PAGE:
From testing right at the beginning of the development process, all features, functions and performance of the software can be quickly evaluated. Test coverage percentages naturally increase when left-shift testing is performed. The overall quality of the software is greatly improved by increasing test coverage.
Ultimately, moving left is worth the effort and time it takes to implement. This allows the QA team to dive deeper into the product and implement innovative testing solutions. Furthermore, it allows the testing team to become more comfortable with the tools and techniques involved. In addition, left-shift testing simplifies several aspects of software development.
Lower cost of development and testing
Debugging is one of the most difficult aspects of software development. Typically, the cost of fixing a bug increases significantly as software evolves in the SDLC. The sooner you find your mistakes, the easier it will be to fix them.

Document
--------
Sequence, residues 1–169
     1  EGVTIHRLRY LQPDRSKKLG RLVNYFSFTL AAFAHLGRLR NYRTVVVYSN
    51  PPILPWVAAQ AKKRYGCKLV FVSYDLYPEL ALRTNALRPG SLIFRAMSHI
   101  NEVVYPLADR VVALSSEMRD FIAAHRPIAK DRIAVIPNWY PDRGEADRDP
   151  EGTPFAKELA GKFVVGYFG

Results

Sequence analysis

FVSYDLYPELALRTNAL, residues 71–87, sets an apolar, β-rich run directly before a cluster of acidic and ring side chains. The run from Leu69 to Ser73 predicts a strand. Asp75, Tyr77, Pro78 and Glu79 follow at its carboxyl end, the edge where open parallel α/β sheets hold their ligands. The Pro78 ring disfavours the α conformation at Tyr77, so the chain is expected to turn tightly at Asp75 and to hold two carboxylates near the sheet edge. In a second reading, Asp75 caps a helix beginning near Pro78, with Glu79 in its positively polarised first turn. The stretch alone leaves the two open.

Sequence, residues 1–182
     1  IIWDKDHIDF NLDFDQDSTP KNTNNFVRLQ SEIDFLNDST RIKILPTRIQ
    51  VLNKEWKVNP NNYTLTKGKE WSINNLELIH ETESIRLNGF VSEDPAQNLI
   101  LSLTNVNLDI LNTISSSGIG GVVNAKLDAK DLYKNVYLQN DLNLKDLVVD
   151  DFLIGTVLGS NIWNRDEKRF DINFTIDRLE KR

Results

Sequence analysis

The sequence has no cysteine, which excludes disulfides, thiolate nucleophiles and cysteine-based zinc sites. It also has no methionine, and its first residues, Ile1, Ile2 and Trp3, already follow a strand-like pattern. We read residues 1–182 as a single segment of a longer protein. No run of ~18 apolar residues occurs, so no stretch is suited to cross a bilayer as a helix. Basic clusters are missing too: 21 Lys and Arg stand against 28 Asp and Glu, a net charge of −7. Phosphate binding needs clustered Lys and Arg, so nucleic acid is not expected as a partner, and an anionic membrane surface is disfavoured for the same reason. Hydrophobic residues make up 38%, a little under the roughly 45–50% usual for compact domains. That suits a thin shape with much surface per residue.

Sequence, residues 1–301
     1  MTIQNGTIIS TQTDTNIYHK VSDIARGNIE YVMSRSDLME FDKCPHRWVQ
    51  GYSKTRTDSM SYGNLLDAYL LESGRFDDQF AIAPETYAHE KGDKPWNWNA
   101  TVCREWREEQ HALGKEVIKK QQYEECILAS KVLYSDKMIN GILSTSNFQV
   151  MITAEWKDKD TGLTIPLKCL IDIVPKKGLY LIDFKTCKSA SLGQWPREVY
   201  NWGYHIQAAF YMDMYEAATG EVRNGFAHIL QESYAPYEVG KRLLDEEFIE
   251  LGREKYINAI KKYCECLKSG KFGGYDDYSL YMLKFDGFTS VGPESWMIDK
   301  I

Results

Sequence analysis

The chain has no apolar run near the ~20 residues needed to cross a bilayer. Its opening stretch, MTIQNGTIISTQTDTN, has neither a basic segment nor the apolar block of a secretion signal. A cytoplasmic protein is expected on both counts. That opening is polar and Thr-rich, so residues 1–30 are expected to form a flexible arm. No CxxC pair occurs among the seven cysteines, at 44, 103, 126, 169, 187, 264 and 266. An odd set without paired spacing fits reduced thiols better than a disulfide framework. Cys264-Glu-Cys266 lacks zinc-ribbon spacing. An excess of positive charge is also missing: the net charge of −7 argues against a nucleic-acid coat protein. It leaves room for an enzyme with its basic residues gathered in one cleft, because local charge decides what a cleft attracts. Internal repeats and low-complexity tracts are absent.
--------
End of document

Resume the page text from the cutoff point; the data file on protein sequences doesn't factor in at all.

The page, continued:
Let’s take the example of a payment app that discovers a security vulnerability only after its latest app version is released. Of course, it would have cost more if the team had discovered the vulnerability earlier in development. But now the company will have to spend significantly more time, effort and money to fix the problem. The complexity of implementing changes in a production environment makes it difficult to do anything after the fact, not to mention the overhead associated with late maintenance.
Gartner estimates the cost of network outages at $5,600 per minute, totaling more than $300,000 per hour.
Improves product quality
The Shift Left testing approach has a positive impact on overall code quality with rigorous and frequent code quality checks. It facilitates timely correspondence with stakeholders, developers, and testers and provides timely feedback that helps improve code quality. This means that your customers receive a stable and high quality end product.
When you mix Shift Left with the leading DevOps practices of continuous testing and continuous development, you set the stage for Shift Left to win. Furthermore, Shift Left is important in a DevOps environment because:
- Teams are quick to identify and report bugs.
- Features are being released quickly.
- The quality of the software is excellent.